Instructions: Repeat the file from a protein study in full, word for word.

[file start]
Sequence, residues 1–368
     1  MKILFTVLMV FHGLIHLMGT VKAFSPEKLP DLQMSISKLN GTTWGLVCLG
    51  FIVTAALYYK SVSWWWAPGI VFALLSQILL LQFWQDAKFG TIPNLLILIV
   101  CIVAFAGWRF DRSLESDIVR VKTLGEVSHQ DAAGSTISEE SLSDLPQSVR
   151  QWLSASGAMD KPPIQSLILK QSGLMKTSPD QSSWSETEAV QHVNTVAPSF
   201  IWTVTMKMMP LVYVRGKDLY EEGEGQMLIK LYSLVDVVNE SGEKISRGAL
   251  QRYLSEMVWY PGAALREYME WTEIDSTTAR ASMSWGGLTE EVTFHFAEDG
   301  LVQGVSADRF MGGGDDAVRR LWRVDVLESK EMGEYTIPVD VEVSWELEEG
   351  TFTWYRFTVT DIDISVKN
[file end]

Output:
Sequence, residues 1–368
     1  MKILFTVLMV FHGLIHLMGT VKAFSPEKLP DLQMSISKLN GTTWGLVCLG
    51  FIVTAALYYK SVSWWWAPGI VFALLSQILL LQFWQDAKFG TIPNLLILIV
   101  CIVAFAGWRF DRSLESDIVR VKTLGEVSHQ DAAGSTISEE SLSDLPQSVR
   151  QWLSASGAMD KPPIQSLILK QSGLMKTSPD QSSWSETEAV QHVNTVAPSF
   201  IWTVTMKMMP LVYVRGKDLY EEGEGQMLIK LYSLVDVVNE SGEKISRGAL
   251  QRYLSEMVWY PGAALREYME WTEIDSTTAR ASMSWGGLTE EVTFHFAEDG
   301  LVQGVSADRF MGGGDDAVRR LWRVDVLESK EMGEYTIPVD VEVSWELEEG
   351  TFTWYRFTVT DIDISVKN